Through our analysis of the database, the NYCLU found:
The vast majority of police misconduct complaints never result in accountability. *The use of “complaint” in this report refers to each discrete act of misconduct investigated by the CCRB, or what the CCRB calls “allegations.”
• Of the 180,700 complaints investigated by the CCRB since 2000, only two percent received some type of discipline from
the NYPD, and less than one percent received serious discipline, like forfeiting vacation days, suspension, probation, or termination.
• The NYPD overrode the CCRB’s recommendation by imposing a lesser grade of discipline or imposing no discipline in 74 percent of substantiated cases (meaning cases in which
misconduct is found to be improper based on a preponderance of the evidence).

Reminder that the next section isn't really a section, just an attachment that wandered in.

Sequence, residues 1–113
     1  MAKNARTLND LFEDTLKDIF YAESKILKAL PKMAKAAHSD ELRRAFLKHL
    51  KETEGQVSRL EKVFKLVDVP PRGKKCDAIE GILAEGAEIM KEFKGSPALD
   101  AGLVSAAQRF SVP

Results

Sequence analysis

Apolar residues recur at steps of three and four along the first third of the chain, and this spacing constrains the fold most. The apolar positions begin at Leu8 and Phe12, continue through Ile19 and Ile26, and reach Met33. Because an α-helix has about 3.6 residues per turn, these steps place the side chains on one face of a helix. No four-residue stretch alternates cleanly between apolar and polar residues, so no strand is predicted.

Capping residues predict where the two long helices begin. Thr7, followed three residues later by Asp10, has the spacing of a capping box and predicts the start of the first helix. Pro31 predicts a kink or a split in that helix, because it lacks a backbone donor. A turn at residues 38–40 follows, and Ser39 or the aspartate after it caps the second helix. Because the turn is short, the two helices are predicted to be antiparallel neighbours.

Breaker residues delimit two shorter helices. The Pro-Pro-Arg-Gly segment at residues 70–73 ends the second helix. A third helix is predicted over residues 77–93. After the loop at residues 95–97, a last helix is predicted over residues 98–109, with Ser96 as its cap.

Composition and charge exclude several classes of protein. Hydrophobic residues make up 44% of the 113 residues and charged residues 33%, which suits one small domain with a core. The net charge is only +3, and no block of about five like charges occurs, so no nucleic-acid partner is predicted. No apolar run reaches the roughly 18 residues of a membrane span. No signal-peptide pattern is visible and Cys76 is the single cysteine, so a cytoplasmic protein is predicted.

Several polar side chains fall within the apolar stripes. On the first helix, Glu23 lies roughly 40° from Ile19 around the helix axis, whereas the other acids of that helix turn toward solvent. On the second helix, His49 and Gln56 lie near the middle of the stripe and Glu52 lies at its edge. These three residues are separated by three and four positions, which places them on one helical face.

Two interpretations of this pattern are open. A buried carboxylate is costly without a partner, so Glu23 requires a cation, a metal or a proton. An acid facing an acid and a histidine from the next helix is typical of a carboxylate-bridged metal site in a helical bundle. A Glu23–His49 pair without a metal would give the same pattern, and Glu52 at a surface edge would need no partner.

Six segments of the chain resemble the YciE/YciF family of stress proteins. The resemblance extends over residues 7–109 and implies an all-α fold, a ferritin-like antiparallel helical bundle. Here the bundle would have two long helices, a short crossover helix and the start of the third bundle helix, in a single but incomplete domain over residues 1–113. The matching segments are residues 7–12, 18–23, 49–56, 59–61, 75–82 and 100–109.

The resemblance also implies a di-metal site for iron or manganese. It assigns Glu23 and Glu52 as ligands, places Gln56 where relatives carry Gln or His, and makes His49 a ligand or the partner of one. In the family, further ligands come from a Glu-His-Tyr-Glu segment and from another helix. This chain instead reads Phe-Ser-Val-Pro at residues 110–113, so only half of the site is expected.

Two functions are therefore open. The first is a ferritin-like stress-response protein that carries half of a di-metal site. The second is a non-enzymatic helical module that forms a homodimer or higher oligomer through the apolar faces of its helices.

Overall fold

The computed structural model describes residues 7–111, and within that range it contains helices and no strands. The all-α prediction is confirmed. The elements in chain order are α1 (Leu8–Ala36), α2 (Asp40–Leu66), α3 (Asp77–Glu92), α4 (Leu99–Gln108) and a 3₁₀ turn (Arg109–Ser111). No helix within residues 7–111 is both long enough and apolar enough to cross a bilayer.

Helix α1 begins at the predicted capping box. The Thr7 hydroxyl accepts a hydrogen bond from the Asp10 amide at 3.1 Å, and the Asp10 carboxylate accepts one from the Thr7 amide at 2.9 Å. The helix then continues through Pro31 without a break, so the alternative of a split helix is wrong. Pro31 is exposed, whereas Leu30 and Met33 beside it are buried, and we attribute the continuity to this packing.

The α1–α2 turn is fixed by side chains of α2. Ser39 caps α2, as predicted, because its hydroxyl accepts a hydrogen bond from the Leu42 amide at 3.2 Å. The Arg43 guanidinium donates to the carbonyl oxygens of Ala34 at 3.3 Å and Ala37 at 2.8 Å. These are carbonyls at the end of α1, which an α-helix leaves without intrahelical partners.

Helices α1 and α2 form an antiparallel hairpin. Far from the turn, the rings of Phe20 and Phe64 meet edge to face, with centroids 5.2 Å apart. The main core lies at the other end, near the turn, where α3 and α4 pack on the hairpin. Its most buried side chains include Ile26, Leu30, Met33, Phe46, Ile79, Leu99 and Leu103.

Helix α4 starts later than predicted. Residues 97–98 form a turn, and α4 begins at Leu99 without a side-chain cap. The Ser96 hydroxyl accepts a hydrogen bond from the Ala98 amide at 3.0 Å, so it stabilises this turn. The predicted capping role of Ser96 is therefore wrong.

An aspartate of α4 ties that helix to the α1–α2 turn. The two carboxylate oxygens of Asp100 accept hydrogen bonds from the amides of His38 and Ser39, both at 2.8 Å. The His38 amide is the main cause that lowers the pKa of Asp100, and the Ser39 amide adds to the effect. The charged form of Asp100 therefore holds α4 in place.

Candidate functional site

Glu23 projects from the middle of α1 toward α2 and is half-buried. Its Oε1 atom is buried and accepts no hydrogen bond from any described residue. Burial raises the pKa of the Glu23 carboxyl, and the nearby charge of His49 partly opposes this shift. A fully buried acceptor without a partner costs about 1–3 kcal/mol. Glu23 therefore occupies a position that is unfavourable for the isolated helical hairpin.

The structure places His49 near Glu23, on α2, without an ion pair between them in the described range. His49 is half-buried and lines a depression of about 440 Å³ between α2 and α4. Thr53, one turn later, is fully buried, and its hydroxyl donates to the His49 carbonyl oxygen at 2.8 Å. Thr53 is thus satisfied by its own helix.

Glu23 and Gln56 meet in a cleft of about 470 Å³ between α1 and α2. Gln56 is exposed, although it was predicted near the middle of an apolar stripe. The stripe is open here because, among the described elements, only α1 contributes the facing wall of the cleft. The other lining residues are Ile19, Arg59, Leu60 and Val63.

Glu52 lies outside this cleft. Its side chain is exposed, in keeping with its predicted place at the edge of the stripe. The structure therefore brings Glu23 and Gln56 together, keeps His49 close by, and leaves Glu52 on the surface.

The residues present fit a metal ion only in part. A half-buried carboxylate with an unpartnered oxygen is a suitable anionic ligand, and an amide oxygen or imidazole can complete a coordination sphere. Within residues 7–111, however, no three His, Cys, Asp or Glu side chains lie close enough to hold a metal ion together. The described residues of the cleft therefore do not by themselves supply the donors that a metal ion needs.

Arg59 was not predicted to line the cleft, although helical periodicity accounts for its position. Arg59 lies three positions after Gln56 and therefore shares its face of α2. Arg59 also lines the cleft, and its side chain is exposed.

• Only three percent of force complaints and complaints involving a firearm investigated by the CCRB were substantiated.
• 80 percent of substantiated
complaints that received a disciplinary recommendation of “Charges and Specifications” from the CCRB – the most serious recommendation – did not result in serious discipline (forfeiting vacation days, suspension, probation, or termination) from the NYPD.
• Black officers were 33 percent more likely to receive serious discipline than white officers.